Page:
A: Yes! We will keep the course tasks open for responses for two extra weeks in May.

Q: Will I be able to see the materials after the course is over?
A: Yes! The materials have open licence, Creative Commons, so you can always view and share. Big thanks to everyone who is supporting Moebius Noodles!

Q: I am in Australia. Will this work with my time zone?
A: Almost all course activities happen on the course forum. You can do the activities and post your results any time. We will have a couple of live meetings, but they are optional. We will upload full recordings of the meetings.

22 comments on “Natural Math Multiplication Course
  1. HoneyBunch says:

    Hi Maria,

    I am very interested in this online course. Could you please let me know how can I subscribe?


    • MariaD says:

      Hi HoneyBunch,

      I added a line with instructions about the missing button. The registration plugin does not work with older Internet Explorer versions. Please let me know if you still can’t register, and I will work on it some more!

  2. Nichole Oursler says:

    Please include us in the multiplication course in April. Thanks!

    • MariaD says:

      Hi Nichole,

      I added instructions on what to do if you don’t see that “Register” button. Thanks for your interest! I am looking forward to seeing you in the course.

  3. Lisa McCarville says:

    Wow this course is going to be amazing. Can’t wait.

  4. Lisa Merwin says:

    I am curious. Are the activities things that I would use in my classroom? If so, there is a small Easter break problem with the month of April.

    • MariaD says:

      Lisa, thank you for your question. I added it (and the answer) to the description. You can use some of the activities with large groups, and also you can shift the schedule of the course to fit around your spring break!

  5. Jennifer Polizzi says:

    Where do I find the 12 models of multiplication mentioned in the PDF of the course introduction?

  6. hupparoo says:

    I am going to do these activities with my group on 4 Thursdays in a row. Would it make more sense for the group to start meeting on 4/3 or on 4/10? I want to make sure I build in lead time for acquiring supplies and planning the activities, but don’t want to wait too long and get behind.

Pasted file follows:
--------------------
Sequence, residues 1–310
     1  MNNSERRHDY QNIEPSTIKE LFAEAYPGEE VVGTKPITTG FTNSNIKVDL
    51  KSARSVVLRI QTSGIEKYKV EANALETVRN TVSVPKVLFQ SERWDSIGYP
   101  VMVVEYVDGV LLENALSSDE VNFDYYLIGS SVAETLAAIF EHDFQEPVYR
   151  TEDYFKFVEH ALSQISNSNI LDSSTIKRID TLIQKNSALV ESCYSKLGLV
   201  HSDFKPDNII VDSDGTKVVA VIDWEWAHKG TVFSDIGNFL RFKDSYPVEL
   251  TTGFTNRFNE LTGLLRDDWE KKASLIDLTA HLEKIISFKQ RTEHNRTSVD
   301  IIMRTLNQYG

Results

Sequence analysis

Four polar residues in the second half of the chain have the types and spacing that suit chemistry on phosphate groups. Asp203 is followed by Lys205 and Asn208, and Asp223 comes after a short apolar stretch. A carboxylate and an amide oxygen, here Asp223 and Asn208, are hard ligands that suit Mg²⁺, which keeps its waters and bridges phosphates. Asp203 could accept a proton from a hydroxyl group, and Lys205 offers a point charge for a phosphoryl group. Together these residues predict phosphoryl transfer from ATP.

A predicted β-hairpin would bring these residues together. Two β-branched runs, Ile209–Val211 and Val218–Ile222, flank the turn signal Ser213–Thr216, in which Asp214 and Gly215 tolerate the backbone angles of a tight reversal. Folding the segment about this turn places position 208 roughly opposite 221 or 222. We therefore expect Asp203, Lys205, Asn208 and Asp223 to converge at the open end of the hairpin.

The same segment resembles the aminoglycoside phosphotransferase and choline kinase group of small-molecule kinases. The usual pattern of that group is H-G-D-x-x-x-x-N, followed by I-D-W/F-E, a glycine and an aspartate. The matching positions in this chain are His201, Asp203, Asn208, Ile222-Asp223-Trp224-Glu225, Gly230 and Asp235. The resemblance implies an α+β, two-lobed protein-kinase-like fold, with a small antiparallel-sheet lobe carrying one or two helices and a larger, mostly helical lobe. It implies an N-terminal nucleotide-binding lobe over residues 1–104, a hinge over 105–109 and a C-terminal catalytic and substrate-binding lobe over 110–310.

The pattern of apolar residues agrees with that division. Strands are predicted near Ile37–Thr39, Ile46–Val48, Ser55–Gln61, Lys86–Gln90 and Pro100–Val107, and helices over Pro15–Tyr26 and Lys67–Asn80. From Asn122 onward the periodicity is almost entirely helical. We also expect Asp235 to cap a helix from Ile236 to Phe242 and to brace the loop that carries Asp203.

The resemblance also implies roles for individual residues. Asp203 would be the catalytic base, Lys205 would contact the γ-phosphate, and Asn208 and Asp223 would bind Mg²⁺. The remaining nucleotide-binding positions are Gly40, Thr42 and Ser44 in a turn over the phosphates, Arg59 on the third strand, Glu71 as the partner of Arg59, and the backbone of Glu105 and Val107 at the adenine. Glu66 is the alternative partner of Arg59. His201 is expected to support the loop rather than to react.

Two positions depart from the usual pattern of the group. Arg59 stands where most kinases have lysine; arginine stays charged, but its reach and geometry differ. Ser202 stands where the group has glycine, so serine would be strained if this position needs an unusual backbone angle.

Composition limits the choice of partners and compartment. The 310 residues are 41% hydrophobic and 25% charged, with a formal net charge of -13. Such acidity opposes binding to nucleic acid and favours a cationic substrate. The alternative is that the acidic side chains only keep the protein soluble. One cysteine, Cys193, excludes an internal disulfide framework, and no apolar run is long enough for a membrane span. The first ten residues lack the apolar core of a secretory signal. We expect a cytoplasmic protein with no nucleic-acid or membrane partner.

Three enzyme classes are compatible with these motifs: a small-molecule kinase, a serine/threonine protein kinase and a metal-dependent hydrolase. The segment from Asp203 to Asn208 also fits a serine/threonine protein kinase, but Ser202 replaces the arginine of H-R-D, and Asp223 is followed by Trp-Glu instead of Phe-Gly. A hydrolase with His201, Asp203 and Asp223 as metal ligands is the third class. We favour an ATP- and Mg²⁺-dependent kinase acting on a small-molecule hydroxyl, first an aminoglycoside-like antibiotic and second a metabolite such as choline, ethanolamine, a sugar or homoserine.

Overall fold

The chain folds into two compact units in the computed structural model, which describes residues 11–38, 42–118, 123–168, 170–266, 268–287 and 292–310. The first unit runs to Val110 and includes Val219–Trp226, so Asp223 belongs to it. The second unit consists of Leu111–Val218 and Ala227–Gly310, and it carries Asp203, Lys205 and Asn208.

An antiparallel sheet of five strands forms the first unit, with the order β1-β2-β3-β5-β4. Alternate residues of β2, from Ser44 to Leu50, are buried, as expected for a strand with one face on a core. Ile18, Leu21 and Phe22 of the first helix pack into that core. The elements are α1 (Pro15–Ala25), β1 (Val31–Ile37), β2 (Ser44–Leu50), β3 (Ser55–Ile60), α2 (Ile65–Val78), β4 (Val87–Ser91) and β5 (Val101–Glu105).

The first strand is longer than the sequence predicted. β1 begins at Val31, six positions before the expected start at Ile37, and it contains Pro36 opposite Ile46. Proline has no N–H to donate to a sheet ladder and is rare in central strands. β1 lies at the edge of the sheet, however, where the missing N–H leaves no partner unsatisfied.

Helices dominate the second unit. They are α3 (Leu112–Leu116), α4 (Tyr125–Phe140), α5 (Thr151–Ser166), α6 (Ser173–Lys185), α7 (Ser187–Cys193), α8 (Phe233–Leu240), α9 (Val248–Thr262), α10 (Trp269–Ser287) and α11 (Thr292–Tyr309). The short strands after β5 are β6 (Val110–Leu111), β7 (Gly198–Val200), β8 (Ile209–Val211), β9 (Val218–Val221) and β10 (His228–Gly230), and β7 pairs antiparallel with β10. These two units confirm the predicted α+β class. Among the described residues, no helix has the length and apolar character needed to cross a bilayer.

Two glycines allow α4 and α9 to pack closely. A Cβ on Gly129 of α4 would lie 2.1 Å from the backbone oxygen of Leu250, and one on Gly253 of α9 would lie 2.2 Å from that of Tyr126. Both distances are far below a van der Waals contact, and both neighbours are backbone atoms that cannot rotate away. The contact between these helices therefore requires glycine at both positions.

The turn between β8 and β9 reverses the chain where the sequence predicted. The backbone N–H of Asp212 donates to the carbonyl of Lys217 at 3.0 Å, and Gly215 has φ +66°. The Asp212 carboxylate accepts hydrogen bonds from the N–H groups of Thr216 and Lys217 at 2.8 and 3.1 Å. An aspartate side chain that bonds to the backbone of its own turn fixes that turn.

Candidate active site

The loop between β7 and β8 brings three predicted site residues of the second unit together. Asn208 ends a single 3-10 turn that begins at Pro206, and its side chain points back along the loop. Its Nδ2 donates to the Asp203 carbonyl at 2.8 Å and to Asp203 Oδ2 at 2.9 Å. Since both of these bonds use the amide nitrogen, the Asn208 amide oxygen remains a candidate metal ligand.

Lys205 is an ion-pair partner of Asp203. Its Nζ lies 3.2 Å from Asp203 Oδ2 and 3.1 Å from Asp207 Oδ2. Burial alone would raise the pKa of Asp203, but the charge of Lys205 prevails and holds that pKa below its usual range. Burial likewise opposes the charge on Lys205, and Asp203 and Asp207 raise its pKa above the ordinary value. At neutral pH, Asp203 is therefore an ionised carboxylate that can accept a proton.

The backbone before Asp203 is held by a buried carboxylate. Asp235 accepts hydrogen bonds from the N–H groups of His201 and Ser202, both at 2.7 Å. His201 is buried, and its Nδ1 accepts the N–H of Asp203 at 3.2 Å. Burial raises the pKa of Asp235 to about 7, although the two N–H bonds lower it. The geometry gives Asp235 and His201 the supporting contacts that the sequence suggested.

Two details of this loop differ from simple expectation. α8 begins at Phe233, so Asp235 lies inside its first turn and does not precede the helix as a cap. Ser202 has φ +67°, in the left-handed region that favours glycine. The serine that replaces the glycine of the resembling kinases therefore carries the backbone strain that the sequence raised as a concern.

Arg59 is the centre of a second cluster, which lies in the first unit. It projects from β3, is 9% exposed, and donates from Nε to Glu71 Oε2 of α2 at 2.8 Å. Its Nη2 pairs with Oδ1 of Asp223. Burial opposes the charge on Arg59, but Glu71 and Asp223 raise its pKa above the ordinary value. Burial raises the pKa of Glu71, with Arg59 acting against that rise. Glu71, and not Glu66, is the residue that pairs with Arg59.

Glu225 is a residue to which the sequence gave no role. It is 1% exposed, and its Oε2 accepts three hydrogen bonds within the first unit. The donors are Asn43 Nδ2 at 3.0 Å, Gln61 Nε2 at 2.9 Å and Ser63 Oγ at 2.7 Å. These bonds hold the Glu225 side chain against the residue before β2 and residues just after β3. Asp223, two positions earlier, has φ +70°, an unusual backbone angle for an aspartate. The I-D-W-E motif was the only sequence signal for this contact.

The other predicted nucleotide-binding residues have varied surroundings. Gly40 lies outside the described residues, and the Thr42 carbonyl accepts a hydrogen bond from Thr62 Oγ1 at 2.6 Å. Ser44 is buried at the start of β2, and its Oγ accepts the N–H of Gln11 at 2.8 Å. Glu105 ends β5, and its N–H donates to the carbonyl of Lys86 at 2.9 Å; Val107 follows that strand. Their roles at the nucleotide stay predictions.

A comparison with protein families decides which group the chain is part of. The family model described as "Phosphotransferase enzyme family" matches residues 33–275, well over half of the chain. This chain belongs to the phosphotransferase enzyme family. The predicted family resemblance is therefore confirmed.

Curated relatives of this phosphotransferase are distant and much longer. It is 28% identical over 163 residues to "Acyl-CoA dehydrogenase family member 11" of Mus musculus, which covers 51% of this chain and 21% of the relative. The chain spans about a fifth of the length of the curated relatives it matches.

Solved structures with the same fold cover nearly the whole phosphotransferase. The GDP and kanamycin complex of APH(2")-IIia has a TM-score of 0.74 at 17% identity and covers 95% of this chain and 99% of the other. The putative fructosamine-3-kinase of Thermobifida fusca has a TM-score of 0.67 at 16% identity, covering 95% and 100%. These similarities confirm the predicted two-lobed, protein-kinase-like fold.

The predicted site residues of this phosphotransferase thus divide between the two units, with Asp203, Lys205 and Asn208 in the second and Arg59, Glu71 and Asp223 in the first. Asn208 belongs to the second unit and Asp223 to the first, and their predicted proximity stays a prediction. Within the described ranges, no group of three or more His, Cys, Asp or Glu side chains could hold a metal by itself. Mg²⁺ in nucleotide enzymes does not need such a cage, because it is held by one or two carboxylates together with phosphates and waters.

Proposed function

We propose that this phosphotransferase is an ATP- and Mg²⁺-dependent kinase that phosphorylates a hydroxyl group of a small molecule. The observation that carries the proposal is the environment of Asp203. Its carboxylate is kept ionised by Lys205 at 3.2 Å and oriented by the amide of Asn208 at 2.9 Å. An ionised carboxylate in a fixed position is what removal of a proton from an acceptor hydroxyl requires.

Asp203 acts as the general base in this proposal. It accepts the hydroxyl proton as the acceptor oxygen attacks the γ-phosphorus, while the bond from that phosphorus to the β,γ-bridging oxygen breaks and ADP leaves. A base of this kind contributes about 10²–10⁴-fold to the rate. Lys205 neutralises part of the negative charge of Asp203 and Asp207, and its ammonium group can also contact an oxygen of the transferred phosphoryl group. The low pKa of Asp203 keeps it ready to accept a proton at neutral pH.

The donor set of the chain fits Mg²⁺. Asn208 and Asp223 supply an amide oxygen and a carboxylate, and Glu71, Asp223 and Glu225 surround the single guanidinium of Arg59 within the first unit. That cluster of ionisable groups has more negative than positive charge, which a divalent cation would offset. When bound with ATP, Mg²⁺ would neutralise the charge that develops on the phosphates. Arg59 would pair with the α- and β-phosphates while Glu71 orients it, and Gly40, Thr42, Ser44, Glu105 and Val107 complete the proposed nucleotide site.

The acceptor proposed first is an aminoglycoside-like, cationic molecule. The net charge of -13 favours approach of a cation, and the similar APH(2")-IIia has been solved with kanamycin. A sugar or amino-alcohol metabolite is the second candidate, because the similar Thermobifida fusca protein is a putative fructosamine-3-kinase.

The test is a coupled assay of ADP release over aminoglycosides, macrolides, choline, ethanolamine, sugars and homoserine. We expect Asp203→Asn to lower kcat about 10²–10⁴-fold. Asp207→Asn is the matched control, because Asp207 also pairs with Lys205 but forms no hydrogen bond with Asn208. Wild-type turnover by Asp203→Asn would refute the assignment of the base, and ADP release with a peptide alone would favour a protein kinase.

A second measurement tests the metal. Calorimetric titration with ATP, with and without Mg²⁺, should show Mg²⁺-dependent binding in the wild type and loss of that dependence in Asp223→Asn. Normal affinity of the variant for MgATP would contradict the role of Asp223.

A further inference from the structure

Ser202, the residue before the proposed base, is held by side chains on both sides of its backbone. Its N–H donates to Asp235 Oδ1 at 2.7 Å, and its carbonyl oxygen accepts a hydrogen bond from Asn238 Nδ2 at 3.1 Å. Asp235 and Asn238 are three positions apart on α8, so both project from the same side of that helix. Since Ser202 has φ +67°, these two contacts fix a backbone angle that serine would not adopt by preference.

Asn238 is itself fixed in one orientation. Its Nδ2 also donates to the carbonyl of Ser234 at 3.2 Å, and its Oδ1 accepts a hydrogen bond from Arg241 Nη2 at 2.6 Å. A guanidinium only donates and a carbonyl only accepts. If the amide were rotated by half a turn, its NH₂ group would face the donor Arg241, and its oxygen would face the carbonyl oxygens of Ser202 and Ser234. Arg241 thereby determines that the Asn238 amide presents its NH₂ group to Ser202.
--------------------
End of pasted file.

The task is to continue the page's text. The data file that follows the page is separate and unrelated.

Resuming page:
Rodi Steinig

    • MariaD says:

      Hi Rodi,

      Start on the 10th. Most activities of the first week are for grown-ups, so it will work better this way.

  7. Reeba Lynn says:

    the button “use this page” takes me to the page where I see a colorful square and “April 2014 – Open online course” but it and the link “join the course” below it, just take me back to the page that has a register button, but when I click on it, it changes to a “donate” button…..

    • MariaD says:

      Reeba, do you see the little window next to that second “Contribute” button, where you can type your price (0 and up)? If not, try using a different browser!

  8. Claire says:

    I’ve registered but I still don’t understand how this course works. Will you email the lessons in April? or do I have to go on your website to check lessons??

    • MariaD says:

      Hi Claire,

      Yes, we will start sending course updates in April, by email. You’ll have daily updates starting April 6. I did check that I have your registration. Glad to have you in the course!

  9. Carmen Downes says:

    I registered and paid for the course back on 18 March, but I haven’t heard anything since. Will further course information be e-mailed, or should I be seeing the activities posted somewhere else? We are excited to participate and don’t want to miss anything! :)